Rather than seeking to accommodate the desires of its Russian and Iranian “peace partners,” Turkey will merely increase its troop presence in the country and allow its Islamist proxies to expand their presence. That will enable Ankara to fulfill its long-held goal—to eventually overthrow the Assad regime, thwart Iran’s regional aspirations, and become the new Muslim hegemon of the region, while retaining its NATO status.
Rojava will become not just a base for Turkey to crush Assad and his pro-Iran allies, but it could also provide an air base for Turkey to strike Kurdish militants across the border in Iraq. This will enable the return of ISIS, al-Qaeda, and other terrorist organizations that the current regime in Ankara has either enabled or assisted. It appears that this is a deliberate strategy of Erdogan.
A permanent and growing Sunni radical arc will bog down non-Sunni Iran and Israel — the other two non-Arab powers in the region—while eroding Arab countries from within (as has happened since the Arab Spring). Growing terror attacks by such groups would wear down Russian and Western forces committed to staying in the region, and ultimately extirpate them due to popular demand, economic decline, and war-weary politicians.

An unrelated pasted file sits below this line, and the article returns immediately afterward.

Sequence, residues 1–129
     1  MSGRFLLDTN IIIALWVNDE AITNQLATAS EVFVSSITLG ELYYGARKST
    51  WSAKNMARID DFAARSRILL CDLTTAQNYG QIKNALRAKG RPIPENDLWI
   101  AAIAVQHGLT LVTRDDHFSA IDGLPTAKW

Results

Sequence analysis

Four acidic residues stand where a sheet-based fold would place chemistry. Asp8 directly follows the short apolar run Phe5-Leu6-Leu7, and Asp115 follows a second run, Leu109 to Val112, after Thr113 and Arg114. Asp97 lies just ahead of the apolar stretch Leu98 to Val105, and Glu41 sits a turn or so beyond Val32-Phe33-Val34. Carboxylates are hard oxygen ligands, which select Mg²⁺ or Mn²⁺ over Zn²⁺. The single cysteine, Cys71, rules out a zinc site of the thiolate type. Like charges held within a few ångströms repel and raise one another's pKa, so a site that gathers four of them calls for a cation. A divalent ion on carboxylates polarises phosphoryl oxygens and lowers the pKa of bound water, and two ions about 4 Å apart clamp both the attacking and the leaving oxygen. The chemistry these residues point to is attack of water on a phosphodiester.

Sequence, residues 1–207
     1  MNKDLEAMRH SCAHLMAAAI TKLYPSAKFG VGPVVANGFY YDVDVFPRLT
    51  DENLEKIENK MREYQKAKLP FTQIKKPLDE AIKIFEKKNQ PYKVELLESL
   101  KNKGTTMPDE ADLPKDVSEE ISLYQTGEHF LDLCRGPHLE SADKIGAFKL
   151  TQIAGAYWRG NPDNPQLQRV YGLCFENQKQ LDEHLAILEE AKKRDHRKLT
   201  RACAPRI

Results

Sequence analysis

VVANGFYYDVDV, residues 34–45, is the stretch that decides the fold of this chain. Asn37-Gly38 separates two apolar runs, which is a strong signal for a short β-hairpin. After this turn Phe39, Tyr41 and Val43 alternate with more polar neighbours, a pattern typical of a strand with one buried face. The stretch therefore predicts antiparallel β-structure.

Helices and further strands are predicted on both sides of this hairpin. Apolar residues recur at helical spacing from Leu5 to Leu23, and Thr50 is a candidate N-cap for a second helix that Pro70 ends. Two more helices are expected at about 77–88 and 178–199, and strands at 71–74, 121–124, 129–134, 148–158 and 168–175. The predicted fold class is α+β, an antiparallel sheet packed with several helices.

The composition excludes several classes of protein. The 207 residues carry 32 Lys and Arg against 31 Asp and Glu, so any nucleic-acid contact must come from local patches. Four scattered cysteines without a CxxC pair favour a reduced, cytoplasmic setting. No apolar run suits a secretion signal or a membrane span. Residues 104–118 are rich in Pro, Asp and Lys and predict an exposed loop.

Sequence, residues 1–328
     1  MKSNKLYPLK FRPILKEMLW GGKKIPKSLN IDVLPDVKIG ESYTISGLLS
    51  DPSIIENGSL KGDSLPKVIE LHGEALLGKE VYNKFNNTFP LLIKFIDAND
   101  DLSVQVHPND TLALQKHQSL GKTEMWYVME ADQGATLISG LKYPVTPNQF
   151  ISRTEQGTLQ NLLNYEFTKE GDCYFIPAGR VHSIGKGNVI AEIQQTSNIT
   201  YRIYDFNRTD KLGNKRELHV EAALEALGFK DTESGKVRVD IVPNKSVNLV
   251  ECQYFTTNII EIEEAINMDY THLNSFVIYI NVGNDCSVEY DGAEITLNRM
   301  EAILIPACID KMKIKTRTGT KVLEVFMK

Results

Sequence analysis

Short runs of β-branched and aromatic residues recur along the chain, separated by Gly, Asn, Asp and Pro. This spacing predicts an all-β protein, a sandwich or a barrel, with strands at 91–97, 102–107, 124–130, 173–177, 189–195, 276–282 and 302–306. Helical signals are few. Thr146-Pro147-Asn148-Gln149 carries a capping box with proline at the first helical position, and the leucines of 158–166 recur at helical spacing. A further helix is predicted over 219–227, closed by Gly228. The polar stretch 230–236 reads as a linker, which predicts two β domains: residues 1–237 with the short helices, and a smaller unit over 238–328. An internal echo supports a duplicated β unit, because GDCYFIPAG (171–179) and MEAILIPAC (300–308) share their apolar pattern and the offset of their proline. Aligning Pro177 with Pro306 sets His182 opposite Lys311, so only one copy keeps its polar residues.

The sole benefactors would be Turkey and its ally, Qatar. While Rojava would, in such a case, be the bloody beginning of a vast regional war, it would certainly not be the end.
The international community must take strong action against Turkey and for the Kurds to stop this. Too often, especially in the Middle East, the Western World is reactive rather than preventive. The US and France should declare Rojava a no-fly zone and host a peace conference to negotiate some sort of joint protection & political mechanism for Kurds in Rojava & Iraqi Kurdistan. The US could provide THAAD, Arrow, and Patriot air defense systems to the PYD (Democratic Union Party) and KRG (Kurdistan Regional Government) when such a deal is reached. Israel, for its part, could base Iron Dome and David’s Sling missile defense systems alongside the American models.
This would serve not only to protect Kurds, but also Israel itself and its Arab partners, along with American military bases in the region that are threatened by Iran’s missile program. All of these would be solely defensive measures aimed at preventing a genocidal aerial onslaught by Ankara or Tehran against Kurdish forces, while delivering a serious negotiating chip to the Kurds of Syria if they ever did have to seek a deal with Assad.
Moreover, the international community must warn Turkey that it would be against its economic interests to pursue a war against the Kurds or others. As it is, Turkey is in a dire economic state. If Ankara ignored the West’s concerns over an attack on Kurdish regions, Paris, Washington, and other Western capitals should use sanctions for its long record of human rights abuses, war crimes, and support for terrorism.
Hopefully these warnings would prevent Turkey from launching a foolish and unnecessary war and pursuing an imperialist policy to the detriment of the region’s inhabitants.
Dmitri Shufutinsky is a recent graduate of Arcadia University’s master’s program in International Peace and Conflict Resolution. He specializes in indigenous and racial politics in the Levant, as well as Near Eastern affairs more generally.
The views expressed in this article are those of the author and do not necessarily reflect the position of Rudaw.